By Teresa Poucher
Saul of Tarsus, also known as Paul of the New Testament, was very much a God-fearing man. He was well educated, taught by Gamaliel, a Pharisee doctor of Jewish law.
Saul persecuted the new Christian faith. “…How that beyond measure I persecuted the church of God and wasted it:” (Galatians 1:13) He was sincere, yet sincerely wrong.
In Acts, chapter nine, Saul is on his way to Damascus to arrest more Christians and bring them back to Jerusalem when suddenly he is struck down. A light shines brightly upon him and he hears a voice: “Saul, why are you persecuting me?” He gets up off the ground. He prays and fasts for three days. Now he is humbled and groping in darkness. He is depending on a servant to lead him. Directed and prayed for by a Christian that he would have had arrested. As Ananias prays, he receives his natural vision, as well as a revelation that Jesus, is both Lord and God. He is filled with the Holy Ghost and is baptized in Jesus’ Name.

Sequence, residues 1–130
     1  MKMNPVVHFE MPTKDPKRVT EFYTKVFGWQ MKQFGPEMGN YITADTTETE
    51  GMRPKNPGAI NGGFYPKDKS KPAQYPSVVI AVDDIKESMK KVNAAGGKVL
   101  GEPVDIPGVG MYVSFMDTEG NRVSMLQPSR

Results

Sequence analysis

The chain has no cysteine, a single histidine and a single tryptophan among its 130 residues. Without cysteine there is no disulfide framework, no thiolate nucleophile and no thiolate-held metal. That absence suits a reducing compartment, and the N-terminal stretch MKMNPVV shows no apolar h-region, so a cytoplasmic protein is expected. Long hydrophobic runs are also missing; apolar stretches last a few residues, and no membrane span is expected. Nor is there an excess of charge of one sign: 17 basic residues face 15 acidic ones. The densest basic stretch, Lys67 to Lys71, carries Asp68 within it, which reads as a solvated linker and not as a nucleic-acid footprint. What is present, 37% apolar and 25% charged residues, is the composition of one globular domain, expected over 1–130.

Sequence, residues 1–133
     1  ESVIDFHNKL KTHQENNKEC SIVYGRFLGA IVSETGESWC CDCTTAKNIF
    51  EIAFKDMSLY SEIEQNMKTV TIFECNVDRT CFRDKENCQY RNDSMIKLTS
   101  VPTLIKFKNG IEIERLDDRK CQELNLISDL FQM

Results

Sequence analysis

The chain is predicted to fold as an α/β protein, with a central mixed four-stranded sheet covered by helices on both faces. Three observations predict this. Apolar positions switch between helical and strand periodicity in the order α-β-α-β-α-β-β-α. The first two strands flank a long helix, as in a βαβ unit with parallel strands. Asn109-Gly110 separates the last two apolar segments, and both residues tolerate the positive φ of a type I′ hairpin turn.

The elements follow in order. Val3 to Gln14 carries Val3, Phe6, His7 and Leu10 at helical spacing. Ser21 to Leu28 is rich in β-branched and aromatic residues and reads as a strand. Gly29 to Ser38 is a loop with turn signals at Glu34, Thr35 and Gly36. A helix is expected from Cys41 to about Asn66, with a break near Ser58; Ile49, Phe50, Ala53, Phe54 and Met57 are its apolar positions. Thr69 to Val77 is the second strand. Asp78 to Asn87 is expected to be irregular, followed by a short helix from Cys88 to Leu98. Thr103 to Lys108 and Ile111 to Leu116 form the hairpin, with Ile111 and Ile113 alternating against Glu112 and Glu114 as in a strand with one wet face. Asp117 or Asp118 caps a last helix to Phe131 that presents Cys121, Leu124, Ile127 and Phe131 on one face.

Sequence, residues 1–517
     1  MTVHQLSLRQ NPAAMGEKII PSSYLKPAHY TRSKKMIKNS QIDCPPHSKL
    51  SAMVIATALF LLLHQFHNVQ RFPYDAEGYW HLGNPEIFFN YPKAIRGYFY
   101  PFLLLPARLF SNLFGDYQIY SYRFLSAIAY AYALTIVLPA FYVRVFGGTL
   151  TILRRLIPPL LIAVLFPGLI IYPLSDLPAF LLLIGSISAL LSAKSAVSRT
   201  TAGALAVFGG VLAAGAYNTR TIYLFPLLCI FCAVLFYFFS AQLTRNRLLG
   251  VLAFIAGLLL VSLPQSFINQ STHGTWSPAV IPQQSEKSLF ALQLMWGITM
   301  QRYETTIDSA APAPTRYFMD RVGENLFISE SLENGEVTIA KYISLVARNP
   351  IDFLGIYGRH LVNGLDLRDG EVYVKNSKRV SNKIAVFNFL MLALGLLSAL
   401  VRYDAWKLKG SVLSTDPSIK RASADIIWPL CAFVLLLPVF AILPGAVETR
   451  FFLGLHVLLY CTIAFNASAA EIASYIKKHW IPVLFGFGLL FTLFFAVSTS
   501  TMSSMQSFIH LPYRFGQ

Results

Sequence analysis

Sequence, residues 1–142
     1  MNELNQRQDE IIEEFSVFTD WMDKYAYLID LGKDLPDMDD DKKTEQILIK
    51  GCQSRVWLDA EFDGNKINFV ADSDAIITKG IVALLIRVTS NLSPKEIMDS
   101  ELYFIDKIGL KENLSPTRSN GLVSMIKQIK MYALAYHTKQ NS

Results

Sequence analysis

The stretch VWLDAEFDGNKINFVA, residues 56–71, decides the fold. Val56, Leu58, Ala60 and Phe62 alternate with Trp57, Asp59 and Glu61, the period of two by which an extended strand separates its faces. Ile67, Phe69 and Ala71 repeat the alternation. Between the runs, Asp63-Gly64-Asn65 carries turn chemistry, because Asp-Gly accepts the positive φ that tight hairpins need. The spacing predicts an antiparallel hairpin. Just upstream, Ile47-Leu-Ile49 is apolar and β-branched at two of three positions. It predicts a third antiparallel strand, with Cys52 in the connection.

He had to become blind to realize he couldn’t see Truth. “Where there is no vision, the people perish…” (Proverbs 29:18) Strong’s Concordance equates the word “vision” (H2377) to “revelation.” Since the last book of the Bible is the Revelation of Jesus Christ, shouldn’t the end -time revival be one of revelation?
Dear Lord, give us a revival of revelation in 2020 that we might have 20/20 vision for the end-time.